I think it is possible to save individual stalks with the insulation method, however its probably not practical for a large mat with multiple stalks. Like the ones Cincinnana is showing.

Based on my expereince, if the corm is large enough, basjoo plants can recover their previous year's height very quickly. So the extra effort to save the stalk will only be noticed in early spring....

erik
The growth around my old, dead p-stem is just a bunch of smaller plants that only grew to around 3' this year. Not really all that interesting to look at.
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Old 11-17-2016, 01:30 PM   #484 (permalink)
 
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Default Re: Time to put the bananas to sleep for the Winter

Since I chopped the top off and dug up my basjoo, it's been sitting in the garage and a new leave has begun growing. I have the root ball (corm) loosley covered in a trash bag. For anyone who's had success with this, should I go ahead and just move it to the dark, cool corner in the basement now?
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Old 11-17-2016, 05:44 PM   #485 (permalink)
 
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Default Re: Time to put the bananas to sleep for the Winter

Quote:
Originally Posted by Denverian View Post
Since I chopped the top off and dug up my basjoo, it's been sitting in the garage and a new leave has begun growing. I have the root ball (corm) loosley covered in a trash bag. For anyone who's had success with this, should I go ahead and just move it to the dark, cool corner in the basement now?
yep it can go to the basement now
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Old 11-17-2016, 09:35 PM   #486 (permalink)
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Default Re: Time to put the bananas to sleep for the Winter

Quote:
Originally Posted by Denverian View Post
Since I chopped the top off and dug up my basjoo, it's been sitting in the garage and a new leave has begun growing. I have the root ball (corm) loosley covered in a trash bag. For anyone who's had success with this, should I go ahead and just move it to the dark, cool corner in the basement now?
awesome. post......
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Old 11-18-2016, 10:48 AM   #487 (permalink)
 
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Default Re: Time to put the bananas to sleep for the Winter

Quote:
Originally Posted by cincinnana View Post
awesome. post......
Well, it's been placed in hibernation for the winter. Now, I wait...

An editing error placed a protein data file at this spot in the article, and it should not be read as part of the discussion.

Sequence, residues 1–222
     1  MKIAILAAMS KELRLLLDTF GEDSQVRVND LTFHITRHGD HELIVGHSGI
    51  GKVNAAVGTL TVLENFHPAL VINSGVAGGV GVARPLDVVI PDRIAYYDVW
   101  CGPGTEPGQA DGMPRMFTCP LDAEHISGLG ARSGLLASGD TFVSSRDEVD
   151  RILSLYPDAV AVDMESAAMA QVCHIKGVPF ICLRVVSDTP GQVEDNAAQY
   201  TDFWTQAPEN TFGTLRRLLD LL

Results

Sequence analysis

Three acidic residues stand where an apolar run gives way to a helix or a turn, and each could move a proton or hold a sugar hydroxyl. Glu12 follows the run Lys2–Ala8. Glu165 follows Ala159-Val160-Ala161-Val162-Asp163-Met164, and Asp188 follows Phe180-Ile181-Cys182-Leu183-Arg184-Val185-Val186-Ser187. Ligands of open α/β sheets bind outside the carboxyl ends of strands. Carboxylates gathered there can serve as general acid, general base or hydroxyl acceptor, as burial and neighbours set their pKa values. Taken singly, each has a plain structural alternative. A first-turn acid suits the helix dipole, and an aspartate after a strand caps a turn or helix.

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Old 11-18-2016, 07:20 PM   #488 (permalink)
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Default Re: Time to put the bananas to sleep for the Winter

Quote:
Originally Posted by Denverian View Post
Well, it's been placed in hibernation for the winter. Now, I wait...
Thx for the response.
Your plants will do well this year..

I just mulched a mat today 12+ inches of wood chips....

Side note.......

The plant is now growing on ground temperatures and will push leaves till a continuous Extended AIR TEMP of 32 or below....

Yes, the leaves will get frost bitten......but the stem will keep pushing leaves...till the pstem freezes.



.
Mulching basjoo
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Hostafarian
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on Flickr
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Last edited by cincinnana : 11-18-2016 at 09:14 PM.
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Old 11-19-2016, 10:26 PM   #489 (permalink)
 
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Default Re: Time to put the bananas to sleep for the Winter

Mine have been inside a few weeks now. Been a very warm fall...but Glad evrything is moved as we had our first freeze last night.



Last edited by gmichael403 : 11-19-2016 at 10:39 PM.
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Old 12-02-2016, 06:23 AM   #490 (permalink)
 
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Default Re: Time to put the bananas to sleep for the Winter

Harbor Freight moving blankets are on sale - cheap nana wraps
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Old 12-04-2016, 08:16 PM   #491 (permalink)
 
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Default Re: Time to put the bananas to sleep for the Winter

I didn't even bother to plant mine in the ground this year, was lazy and left them in the pots from last over wintering. Made life a bit easier this fall but I don't think they grew as much as being in the ground.
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Old 02-15-2017, 01:26 PM   #492 (permalink)
 
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Default Re: Time to put the bananas to sleep for the Winter

I checked on mine in hibernation last evening. The P-stem is still firm, so I assume it's ok. I misted the roots a bit.

Since mine isn't huge, I'm thinking about planting it in a pot in the house in March to get it going. Good idea?? I assume that then the best thing would be to move it outdoors in the pot in early May to get it adjusted to intense sunlight.

I typically plant my elephant ear bulbs in pots in early April to get them going so when I plant them in the ground in early May, they already have growth.